Elections in Scotland and Wales

Is New Labour so popular?


DOES LABOUR offer any hope for these Glasgow children?

"SNP IN Freefall" was the headline last week in the Herald newspaper. It followed an opinion poll which showed Labour 20 percent ahead of the Scottish National Party. The poll predicted Labour would win 63 of the 129 seats in the Scottish Parliament and the SNP 34. A separate poll in the Daily Record suggested Labour could take 65 seats with the SNP gaining 41.

Labour leaders are joyous that their Tory style election campaign seems to be working. Six months ago Labour and the SNP were neck and neck in the polls. Labour has targeted the SNP as a high tax party which is soft on defence—just as the Tories did to Labour in 1983, 1987 and 1992. Many commentators argue that the polls demonstrate there is not an audience to the left of Labour in Scotland. Scotsman managing editor Andrew Neil sums up the case: "Alex Salmond chose to pitch his tent to the left of the Labour Party. He swallowed the consensus that Scotland was disillusioned with Blairism. He was wrong. New Labour is just as popular with voters north of the border as it is south."

But it is mistaken to believe people voting Labour are voting to endorse Tony Blair. Many will vote Labour for reasons of class loyalty or because their trade union encourages them to do so. Especially among older voters, there is a strong feeling that nationalism does not offer anything to working class people. But even among Labour supporters there is a deep hatred for privatisation, tuition fees for students, health closures and the continuing huge wealth of the rich at the same time as poverty grows.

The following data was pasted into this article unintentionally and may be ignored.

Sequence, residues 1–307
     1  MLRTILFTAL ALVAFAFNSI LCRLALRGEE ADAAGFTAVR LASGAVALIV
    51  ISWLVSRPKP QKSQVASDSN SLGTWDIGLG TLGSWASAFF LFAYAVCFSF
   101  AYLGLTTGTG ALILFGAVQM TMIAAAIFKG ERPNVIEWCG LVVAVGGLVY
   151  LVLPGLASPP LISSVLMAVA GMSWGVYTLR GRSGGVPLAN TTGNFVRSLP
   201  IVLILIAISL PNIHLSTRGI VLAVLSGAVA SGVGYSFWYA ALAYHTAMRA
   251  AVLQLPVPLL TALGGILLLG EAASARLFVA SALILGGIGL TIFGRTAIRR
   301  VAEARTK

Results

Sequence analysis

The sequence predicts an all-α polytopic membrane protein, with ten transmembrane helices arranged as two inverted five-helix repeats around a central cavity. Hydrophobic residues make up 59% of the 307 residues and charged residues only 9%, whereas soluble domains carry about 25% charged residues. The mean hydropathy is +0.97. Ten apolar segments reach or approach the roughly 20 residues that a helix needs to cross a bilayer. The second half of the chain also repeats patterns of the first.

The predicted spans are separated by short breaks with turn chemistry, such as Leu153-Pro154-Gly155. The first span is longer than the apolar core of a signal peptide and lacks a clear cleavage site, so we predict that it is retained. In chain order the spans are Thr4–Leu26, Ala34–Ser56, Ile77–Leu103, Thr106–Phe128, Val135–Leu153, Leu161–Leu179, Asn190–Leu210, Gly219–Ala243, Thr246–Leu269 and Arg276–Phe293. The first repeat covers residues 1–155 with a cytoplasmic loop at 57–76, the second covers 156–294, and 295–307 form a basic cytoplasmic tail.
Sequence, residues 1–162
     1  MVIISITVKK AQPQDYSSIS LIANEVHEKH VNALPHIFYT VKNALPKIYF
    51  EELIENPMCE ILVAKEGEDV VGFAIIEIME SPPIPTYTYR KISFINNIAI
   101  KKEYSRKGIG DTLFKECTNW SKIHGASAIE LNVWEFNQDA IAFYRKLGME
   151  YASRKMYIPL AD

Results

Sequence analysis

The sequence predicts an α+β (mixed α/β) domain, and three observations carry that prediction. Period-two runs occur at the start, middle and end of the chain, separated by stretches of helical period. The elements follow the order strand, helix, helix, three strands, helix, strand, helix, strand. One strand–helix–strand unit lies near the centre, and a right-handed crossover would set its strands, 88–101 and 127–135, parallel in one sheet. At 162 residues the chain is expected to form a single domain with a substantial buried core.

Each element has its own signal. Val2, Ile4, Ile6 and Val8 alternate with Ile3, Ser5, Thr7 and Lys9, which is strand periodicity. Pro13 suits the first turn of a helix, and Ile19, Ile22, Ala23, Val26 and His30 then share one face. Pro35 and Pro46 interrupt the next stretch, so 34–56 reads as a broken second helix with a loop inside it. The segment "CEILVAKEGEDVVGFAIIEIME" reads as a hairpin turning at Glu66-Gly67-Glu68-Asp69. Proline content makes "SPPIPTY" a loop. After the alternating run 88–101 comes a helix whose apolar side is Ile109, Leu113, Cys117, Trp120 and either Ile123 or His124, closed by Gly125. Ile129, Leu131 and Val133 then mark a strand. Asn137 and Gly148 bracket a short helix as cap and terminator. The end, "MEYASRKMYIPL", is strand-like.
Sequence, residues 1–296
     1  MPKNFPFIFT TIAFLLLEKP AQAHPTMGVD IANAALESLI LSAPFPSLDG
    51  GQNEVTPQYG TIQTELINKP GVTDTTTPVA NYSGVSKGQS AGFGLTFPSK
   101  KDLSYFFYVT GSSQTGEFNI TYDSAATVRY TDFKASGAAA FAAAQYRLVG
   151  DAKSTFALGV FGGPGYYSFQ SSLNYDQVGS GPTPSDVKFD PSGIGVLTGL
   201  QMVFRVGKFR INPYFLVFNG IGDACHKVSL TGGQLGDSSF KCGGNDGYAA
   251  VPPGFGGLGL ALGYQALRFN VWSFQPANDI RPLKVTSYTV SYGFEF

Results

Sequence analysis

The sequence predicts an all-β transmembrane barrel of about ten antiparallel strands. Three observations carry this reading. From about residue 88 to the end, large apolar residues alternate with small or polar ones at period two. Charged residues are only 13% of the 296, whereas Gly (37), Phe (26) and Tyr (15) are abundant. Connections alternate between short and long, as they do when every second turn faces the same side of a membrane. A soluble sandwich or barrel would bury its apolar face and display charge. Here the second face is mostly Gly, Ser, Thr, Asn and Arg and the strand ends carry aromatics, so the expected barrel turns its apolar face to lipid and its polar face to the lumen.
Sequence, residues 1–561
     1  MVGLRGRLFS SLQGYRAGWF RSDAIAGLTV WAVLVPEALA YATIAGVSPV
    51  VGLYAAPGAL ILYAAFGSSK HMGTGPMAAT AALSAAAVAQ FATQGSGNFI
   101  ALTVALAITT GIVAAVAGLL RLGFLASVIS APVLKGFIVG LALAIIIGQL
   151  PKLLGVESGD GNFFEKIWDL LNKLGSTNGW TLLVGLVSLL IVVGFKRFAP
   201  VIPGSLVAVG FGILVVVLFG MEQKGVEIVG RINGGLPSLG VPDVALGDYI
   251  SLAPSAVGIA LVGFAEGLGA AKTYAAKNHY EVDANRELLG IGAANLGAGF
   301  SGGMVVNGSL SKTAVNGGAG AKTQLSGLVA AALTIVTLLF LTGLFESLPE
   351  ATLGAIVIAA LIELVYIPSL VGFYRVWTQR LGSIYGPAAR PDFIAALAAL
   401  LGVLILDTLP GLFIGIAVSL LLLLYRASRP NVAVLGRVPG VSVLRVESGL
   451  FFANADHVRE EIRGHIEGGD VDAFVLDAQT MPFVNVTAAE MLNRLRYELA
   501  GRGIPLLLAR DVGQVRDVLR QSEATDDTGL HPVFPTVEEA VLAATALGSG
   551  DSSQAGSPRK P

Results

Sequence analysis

None of this is going to go away after the election on 6 May. Labour will almost certainly be the largest party in the parliament, but there is very little enthusiasm for the way it has run the campaign. Margaret Hemmings, a shop worker from Glasgow, told Socialist Worker last week, "I've always voted Labour and I probably will this time, but I don't think they've done very well and I'm not sure they'll be any better in the future."

In 1997 at the general election the streets in the main cities were awash with Labour posters in people's windows. At the start of this week there were hardly any Labour posters apart from those paid for on billboards. There is still a degree of doubt about the final result. That feeling reflects people who are bitterly disillusioned with Labour but not yet ready to break from them electorally. They are unsure of the alternatives and half believe independence would be disastrous for ordinary people

But there is a large minority which could transform Scottish politics—if it was pulled together to fight against PFI, for better pay, for union rights and against the war. The way forward before and after the elections is not concentrating on the polls, but building the fighting socialist alternative to all the pro-market parties.

Evidence of polls

MOST analysts say the SNP is slipping because it is for higher taxes and against the bombing of the Balkans. The evidence does not show that clearly. Three polling organisations did polls before and after the SNP announced it was against accepting the 1p budget tax cut and would instead spend the money on health, education and housing. Two of the polls showed that the decision had made no difference to SNP support. And a new poll this week showed that 80 percent of people actually agree with the SNP tax policy and just 15 percent with Labour's official policy.